Here is a little tidbit before jumping into the details. The 64-bit processor has three operating modes:
64-bit Mode: 64-bit code/data running under a 64-bit OS
Compatibility Mode: 32-bit code/data running under a 64-bit OS
Legacy Mode: 32-bit code/data running under a 32-bit OS
These various operating modes give a nice upgrade methodology as well as extend the life of a large portion of pre-existing software as it has the ability to run under the new hardware and operating systems. Additional instructions and hardware have been added to the 32-bit hardware base to enhance its functionality while moving forward into the 64-bit world. I am not going to hype the technology here, as the manufacturers are doing a pretty good job themselves . My job with this book is to help you learn to program in assembly code for 32/64-bit processors. If you are already up to speed with 32-bit, it will help with your transition to the 64-bit machine. At the time of writing this book the new 64-bit operating systems were XP 64 and Linux 64.
At this point you are probably wondering to yourself, "My, this is a small section on the topic for 64-bit processors. Wasn't 64-bit 80x86 in the title?" From this book's point of view its only interest is the hardware capabilities of the instruction set and that means software, not the infrastructure of the hardware. But keep in mind that in 64-bit mode the data size becomes 2 64 .
2 64 bits are used to store a pretty big number.
A 32-bit unsigned number is 04,294,967,295. That is approximately 4.2 GB.
A 64-bit unsigned number is 018,446,744,073,709,551,615. That is approximately 18.4 exabytes.
Add computer memory and video memory to get your computer's maximum limit of memory. 64-bit is much higher than 32-bit and should be enough for a couple years of expansion.
That is almost too big most of the time.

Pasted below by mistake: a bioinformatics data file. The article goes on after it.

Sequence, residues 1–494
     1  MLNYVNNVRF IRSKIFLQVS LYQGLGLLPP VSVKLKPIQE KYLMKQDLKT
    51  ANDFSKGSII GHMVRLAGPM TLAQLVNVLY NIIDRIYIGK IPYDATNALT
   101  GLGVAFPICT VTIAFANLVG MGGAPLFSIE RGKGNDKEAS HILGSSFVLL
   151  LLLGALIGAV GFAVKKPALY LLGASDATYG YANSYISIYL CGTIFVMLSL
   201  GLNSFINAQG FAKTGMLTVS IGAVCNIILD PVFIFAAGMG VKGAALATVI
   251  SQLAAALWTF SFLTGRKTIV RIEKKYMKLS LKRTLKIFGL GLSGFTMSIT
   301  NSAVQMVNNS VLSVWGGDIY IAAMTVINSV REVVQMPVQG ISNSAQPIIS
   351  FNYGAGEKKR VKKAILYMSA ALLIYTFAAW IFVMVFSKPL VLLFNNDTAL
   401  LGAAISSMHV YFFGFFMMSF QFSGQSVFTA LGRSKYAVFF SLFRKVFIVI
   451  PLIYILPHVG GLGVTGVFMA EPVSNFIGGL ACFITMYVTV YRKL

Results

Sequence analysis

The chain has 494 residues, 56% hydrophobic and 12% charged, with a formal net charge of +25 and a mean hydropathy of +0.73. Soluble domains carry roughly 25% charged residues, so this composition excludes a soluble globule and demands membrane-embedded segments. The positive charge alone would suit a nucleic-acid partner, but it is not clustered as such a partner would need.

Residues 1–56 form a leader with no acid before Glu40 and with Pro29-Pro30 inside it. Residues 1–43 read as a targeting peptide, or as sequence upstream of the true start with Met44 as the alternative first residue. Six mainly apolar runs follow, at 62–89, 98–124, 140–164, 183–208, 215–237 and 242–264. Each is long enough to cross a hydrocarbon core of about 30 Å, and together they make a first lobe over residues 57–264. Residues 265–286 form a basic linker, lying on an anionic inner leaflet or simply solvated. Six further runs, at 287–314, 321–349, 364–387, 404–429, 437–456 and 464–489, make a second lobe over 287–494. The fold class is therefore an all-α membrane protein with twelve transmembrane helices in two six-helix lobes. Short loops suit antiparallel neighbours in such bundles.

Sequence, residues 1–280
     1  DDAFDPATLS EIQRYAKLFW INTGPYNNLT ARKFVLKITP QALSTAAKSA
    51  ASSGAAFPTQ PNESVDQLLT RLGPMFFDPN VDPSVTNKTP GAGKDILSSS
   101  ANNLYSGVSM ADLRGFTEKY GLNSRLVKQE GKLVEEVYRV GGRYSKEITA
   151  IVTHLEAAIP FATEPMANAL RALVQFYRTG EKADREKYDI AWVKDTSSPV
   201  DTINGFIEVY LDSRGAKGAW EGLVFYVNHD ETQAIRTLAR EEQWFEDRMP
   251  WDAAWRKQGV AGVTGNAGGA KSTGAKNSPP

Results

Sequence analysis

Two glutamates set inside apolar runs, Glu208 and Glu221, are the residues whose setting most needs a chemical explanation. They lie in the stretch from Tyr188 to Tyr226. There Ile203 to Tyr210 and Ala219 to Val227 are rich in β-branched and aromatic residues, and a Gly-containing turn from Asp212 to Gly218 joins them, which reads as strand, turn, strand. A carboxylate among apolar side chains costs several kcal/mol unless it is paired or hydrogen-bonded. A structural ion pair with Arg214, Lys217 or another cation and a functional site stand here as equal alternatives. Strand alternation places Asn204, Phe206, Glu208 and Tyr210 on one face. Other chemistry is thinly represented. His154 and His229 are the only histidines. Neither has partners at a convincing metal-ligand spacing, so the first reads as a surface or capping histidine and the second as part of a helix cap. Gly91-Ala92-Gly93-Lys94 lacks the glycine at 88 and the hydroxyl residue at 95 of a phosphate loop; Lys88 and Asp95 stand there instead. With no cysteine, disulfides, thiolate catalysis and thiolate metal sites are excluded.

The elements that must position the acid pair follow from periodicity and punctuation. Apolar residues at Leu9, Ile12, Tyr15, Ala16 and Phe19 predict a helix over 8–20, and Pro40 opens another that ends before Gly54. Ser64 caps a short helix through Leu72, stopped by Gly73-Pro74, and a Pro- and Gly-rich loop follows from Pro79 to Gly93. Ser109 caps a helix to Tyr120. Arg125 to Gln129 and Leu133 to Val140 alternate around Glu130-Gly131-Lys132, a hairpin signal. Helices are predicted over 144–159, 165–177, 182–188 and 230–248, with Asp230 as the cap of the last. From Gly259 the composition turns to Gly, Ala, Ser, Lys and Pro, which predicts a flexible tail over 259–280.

for (uint i = 0; i < 7; i++)
For example, in this C for-loop snippet three bits were needed to represent the loop, thus 61 bits are wasted ! (Well, not really, but you may begin to see my point.) The advantage to registers that are 64 bits in size is not only can you store a value twice as big as a 32-bit register, but you can address memory that is twice the size. That drastically increases the amount of memory your application can access. Applications can be much bigger ! Which means that you can put larger memory sticks into your computers so your computer can run even hotter. ( That meant heat, not necessarily speed! ) For network applications that is good. But what the chip manufacturers realized is that sometimes those extra bits for size were needed for size of data but mostly not. So this is where things get cool: The default is 32-bit data! The processor stack, however, is still 64 bits.
The topic of 64-bit mode is spread throughout this book. Almost every instruction has a difference when used while in 64-bit mode. Some have been invalidated and thus do not exist anymore. Some have been renamed to help differentiate between 32-bit and 64-bit modes. The one thing to keep in mind is that most use a new 64-bit data addressing scheme involving a REX prefix, which will be discussed later in this chapter. The neat thing is some scalar operations that used to be done with MMX registers can now be done with the general-purpose registers. Instructions that used MMX registers such as PAND, POR, or XOR can now be done alternatively, using 64-bit general-purpose registers in 64-bit mode, thus minimizing the use of MMX registers and alleviating their associated dependency issues.
The goal is to preferably use XMM (SSE) registers or general-purpose registers instead.
So do not feel swizzled! 64 bit is discussed throughout this book!